Thirdly, the last ‘big four’ regional group not to have been ‘consolidated’, Northcliffe, announced in November 2012 its effective merger with the smaller Illiffe group to form a big new major regional publisher, Local World. This created a bigger group for both former companies to operate in and allowed the new player to divest itself of some expensive baggage, such as printing presses. It also focused the ownership of larger part of the new firm, Northcliffe, on the regional rather than national press. There was much discussion at the time about the possibilities Local World offered and it certainly looked better for Northclife that its local news businesses were finally owned by a firm which did not want to sell it, as the Daily Mail group had been trying to do unsuccessfully since 2006. The jury remains out on Local World, though its digital strategy does offer interesting possibilities.
Finally, and more hopefully, despite the continual decline of newspaper circulations, there has been good news on digital readership, though whether the news is good enough to sustain the sector in the long run remains up for discussion. Regional publishers would always argue back against the evidence of circulation decline, that lost hard copy readers are more than offset by new digital readership and the latest figures support their claims. The only problem, as everyone knows, is print readers mostly pay for it and digital browsers don’t. This remains the crucial problem.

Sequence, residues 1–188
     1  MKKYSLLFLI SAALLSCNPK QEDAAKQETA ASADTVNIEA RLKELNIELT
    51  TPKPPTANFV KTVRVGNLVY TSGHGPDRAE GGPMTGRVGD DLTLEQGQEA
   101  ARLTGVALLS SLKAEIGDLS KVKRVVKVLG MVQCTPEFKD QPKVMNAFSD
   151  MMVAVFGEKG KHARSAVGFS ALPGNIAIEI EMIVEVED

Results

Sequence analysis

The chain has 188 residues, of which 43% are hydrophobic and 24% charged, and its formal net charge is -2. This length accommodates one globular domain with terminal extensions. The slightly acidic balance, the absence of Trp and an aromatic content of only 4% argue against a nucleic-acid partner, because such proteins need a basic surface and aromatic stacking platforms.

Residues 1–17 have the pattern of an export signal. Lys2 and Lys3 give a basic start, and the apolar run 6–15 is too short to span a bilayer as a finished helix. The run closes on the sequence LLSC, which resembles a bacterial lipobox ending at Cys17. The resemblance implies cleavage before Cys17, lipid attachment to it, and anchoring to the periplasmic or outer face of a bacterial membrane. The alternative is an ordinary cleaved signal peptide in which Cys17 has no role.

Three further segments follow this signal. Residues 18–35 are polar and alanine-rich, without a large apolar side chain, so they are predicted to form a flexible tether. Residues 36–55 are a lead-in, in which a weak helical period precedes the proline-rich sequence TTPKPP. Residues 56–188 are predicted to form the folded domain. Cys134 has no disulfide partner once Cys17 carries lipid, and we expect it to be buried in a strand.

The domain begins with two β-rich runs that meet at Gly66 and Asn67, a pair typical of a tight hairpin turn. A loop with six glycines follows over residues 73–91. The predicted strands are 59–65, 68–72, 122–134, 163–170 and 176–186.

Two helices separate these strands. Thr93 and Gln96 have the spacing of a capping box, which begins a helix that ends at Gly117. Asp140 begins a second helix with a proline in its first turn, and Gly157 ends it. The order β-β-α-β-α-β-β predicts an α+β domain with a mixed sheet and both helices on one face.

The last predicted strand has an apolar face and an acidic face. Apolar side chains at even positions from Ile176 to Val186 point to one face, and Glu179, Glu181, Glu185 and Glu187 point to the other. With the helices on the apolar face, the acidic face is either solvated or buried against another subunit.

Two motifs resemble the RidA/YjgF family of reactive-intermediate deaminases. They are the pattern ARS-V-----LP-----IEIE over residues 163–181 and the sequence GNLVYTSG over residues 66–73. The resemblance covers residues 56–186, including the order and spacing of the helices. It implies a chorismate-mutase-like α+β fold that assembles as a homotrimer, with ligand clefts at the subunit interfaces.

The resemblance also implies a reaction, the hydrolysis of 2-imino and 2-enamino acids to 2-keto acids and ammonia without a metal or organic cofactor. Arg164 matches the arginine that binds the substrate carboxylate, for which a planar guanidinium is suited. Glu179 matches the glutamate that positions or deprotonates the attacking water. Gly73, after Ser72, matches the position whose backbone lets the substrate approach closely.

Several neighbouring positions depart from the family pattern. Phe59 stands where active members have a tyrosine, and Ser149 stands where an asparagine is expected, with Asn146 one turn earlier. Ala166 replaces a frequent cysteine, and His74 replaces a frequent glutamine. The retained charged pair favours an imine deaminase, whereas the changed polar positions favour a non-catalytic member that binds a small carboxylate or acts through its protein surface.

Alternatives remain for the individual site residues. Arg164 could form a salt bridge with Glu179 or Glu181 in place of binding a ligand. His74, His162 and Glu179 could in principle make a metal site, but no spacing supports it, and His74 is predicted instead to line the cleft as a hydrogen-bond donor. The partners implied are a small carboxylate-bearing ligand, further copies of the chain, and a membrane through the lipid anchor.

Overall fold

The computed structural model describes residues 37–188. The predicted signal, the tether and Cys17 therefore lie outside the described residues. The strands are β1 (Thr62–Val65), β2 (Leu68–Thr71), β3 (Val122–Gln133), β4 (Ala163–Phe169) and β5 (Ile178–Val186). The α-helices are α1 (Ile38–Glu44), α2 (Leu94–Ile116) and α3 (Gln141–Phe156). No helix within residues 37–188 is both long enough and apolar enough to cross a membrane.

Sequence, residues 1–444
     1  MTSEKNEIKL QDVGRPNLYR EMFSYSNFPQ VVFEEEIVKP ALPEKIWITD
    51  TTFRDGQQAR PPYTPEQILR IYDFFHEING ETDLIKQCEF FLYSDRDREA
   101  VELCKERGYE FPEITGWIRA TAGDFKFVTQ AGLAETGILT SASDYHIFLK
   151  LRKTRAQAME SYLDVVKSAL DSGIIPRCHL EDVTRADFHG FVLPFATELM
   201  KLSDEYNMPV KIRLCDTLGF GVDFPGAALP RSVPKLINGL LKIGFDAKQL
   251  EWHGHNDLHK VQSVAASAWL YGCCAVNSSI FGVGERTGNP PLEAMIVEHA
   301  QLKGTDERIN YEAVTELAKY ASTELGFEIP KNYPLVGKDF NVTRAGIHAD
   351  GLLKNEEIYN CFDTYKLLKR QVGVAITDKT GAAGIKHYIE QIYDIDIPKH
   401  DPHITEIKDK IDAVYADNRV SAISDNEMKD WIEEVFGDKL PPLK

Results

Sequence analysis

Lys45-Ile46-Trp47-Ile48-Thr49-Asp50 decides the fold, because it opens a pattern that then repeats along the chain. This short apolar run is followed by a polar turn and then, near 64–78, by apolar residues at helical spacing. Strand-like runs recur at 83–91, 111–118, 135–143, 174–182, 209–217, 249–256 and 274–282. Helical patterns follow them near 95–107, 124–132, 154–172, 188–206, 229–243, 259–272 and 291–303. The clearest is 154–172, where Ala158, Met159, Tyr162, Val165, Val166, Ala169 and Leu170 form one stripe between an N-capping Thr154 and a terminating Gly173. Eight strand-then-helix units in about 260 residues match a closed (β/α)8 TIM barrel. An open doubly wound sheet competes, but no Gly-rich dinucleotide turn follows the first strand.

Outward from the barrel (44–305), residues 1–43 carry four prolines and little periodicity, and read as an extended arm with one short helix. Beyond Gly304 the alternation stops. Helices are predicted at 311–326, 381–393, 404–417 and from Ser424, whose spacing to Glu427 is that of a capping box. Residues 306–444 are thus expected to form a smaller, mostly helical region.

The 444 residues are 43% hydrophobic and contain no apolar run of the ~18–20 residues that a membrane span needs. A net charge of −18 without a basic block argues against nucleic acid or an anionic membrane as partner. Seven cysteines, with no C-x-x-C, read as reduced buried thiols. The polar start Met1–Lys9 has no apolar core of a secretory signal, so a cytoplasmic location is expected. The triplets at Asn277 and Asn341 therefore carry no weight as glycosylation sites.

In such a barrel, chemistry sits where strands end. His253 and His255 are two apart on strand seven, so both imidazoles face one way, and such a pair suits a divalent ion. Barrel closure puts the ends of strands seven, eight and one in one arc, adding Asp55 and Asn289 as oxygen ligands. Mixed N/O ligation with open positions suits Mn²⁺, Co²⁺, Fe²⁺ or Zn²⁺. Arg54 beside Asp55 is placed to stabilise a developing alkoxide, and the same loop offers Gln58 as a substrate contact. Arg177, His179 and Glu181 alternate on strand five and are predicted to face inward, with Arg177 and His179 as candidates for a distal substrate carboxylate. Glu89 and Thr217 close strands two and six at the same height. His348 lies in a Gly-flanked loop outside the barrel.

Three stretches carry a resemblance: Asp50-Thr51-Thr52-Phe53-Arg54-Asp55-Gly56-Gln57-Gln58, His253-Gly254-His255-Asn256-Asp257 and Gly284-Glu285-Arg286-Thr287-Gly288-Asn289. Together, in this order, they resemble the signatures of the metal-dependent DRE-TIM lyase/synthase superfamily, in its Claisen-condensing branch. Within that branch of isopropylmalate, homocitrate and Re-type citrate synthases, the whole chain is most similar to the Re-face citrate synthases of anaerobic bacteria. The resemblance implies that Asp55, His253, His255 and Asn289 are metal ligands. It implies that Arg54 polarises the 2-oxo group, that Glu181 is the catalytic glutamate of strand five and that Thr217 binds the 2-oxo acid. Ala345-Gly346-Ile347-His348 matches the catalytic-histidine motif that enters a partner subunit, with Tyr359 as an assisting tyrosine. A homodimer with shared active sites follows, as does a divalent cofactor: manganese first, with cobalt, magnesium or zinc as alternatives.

Back to the Future?
So what does the future hold for the regional press after what has been a decade of cuts and decline? The internet hasn’t been all bad for local news as we have seen from the latest digital readership figures. Local newspapers are still usually the first port of call for local news online. They have not lost their dominance of local news largely because they mostly still have the best news-gathering networks and the trusted brand on which to publish it. Their brands may prove their saviour – if they can raise income from them.